- How Can I Communicate with the Judge?
- If you want to tell the judge about your case or if you want to
ask the judge to take certain actions in your case, you should not call or write the judge
directly. Instead, you should mail a written motion or letter to the clerk of the judge’s court or drop off that document in person at the clerk’s office.
In your written motion, you should explain what you want the court to do and why you feel that outcome is appropriate. Be sure to list the case number and
caption (the case title) on any documents that you send or give to the clerk. Note that you may be required to pay a filing fee when you file your motion
or letter. If you do file a written motion or letter with the clerk, you must also send a copy of that document to every other party involved in the case
(or to each party’s attorney, if the other parties are represented by attorneys). This is called “service.” Be sure to attach to your motion or letter a
document stating that you have in fact sent a copy of your motion or letter to all of the other parties, and explaining how (for example, by personal
delivery or by mail) and when that service was done (That statement about your service of the document is called a “certificate of service”). After your
motion or letter has been filed in the clerk’s office, the judge or judges on the case will consider it, along with any responses from the other parties.
The court may schedule a hearing on the request or may rule on it based solely on the written information that you and other parties have filed.
- Ex Parte Communication
- An independent, fair, and impartial judiciary is indispensable to our system of justice. The Ohio Code of Judicial Conduct establishes standards
for the ethical conduct of judges. A copy of the Code of Judicial Conduct can be found
Under the Code of Judicial Conduct, and to ensure independent, fair, and impartial treatment, judges are not allowed to receive what are called ex
parte communications. The term “ex parte” is a Latin phrase that means “of or from one side or party.” In other words, judges cannot hear matters (evidence)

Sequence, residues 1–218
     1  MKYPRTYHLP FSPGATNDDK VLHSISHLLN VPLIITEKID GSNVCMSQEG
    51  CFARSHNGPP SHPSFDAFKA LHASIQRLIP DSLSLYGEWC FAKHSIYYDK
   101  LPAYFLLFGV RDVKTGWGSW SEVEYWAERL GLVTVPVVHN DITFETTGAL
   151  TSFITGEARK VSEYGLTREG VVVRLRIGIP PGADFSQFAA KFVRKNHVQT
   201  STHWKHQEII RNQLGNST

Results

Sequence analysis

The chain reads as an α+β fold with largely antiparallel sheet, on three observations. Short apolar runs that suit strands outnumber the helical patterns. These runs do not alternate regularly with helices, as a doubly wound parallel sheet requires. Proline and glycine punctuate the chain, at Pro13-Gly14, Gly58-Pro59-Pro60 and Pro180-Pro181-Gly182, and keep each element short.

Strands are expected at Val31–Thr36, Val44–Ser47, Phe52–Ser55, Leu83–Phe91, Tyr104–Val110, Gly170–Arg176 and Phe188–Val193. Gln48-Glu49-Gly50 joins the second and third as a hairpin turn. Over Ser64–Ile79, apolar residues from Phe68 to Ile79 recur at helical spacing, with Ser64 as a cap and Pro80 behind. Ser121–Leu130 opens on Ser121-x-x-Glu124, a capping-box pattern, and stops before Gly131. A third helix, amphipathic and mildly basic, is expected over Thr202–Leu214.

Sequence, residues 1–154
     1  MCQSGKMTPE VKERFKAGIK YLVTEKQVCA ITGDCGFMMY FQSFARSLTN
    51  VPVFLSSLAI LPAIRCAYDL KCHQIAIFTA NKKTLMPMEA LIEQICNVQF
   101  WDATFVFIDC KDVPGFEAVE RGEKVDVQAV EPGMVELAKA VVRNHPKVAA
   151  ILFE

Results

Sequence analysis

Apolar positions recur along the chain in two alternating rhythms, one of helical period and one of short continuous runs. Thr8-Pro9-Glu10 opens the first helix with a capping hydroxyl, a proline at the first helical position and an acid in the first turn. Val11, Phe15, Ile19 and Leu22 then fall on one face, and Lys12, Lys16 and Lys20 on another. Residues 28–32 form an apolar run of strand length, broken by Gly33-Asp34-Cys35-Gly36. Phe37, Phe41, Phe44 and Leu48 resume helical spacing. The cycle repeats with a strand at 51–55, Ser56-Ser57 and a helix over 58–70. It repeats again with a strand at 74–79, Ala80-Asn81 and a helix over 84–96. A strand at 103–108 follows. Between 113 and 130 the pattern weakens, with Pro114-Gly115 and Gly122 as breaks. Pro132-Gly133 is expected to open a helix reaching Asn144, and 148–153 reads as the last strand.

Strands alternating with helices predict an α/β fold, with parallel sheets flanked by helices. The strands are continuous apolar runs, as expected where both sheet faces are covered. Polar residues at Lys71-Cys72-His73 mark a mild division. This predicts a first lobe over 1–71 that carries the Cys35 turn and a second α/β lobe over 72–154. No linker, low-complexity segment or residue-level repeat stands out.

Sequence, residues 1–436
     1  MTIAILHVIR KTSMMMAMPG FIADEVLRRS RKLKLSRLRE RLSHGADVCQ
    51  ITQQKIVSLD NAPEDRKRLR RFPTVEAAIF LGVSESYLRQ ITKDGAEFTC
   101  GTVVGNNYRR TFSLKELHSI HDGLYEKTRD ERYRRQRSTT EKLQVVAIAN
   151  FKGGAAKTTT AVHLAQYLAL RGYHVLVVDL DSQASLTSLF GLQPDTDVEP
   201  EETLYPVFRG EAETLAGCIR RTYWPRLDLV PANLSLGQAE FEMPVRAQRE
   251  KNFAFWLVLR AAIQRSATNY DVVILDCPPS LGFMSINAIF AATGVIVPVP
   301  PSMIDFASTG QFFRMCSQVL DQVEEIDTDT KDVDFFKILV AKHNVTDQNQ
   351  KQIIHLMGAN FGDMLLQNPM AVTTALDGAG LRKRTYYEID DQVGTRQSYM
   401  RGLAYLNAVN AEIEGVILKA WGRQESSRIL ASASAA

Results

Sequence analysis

from one side in a case without the other side being present at the time. If the parties are represented by attorneys, both attorneys must
be present. That is why judges hear case testimony in the courtroom where everyone is present. Pre-trial conferences can occur in the judge’s
office, but only when all the attorneys in the case are present. One reason behind these procedures is so that the judge does not hear evidence
selected by one side without the other side having an opportunity to dispute or explain the evidence. Another reason for the rules regarding
communications with judges is to give the public confidence in the judicial system. It is extremely important that the public knows that no
one has an “inside track” in the court system, and that “back room deals” are not being struck
- The integrity of the system requires that the judges only consider evidence presented in an open trial or evidence agreed to by the parties or their
attorneys. Judges can be disciplined for not following these rules. A paramount goal of the court system is fair and equal treatment for all persons.
The rule banning ex parte communications ensures that the court process is fair and that all the parties have the same information as the judge who
will decide the case. When all parties have the same information, any party who wants to explain or to contest that information can do so, and all
parties can feel confident that the judge’s decision is based solely on the relevant law and on the evidence and arguments presented to the court by
the parties in the courtroom and in their written filings.
- Improper Communication with the Judge
- If you send a letter or other document directly to the judge without providing a copy of it to every other party in your case (or to each party’s
attorney, if the parties have attorneys), the judge or court staff will be required to notify the other parties about your communication so that
those other parties can respond to it. If you have not shared your document with the other parties, further hearings in your case might be delayed,
and the judge might “strike” (that is, might delete or ignore) any evidence discussed in your ex parte communication. Some people send letters or
other documents to a judge and ask the judge not to tell the other parties. Although there may be some information that you want the judge to know
about and to keep in confidence, the judge is nonetheless required to disclose that information to all of the other parties involved in the case.
- Some Exceptions
- The law does provide some limited times a citizen may communicate directly with a judge. For example, victims of crime may send a letter directly to
the court, and prisoners may communicate with the judge on how they are being treated by the sheriff. Also, judges may hear ex parte emergency requests
for temporary restraining orders when the other parties cannot be notified in the short time before hearings on those requests.
- In certain situations, judges may also consider ex parte information presented during settlement conferences in civil cases, as well as ex parte
communications about scheduling matters.
Special thanks to the Ohio Judicial Conference for compiling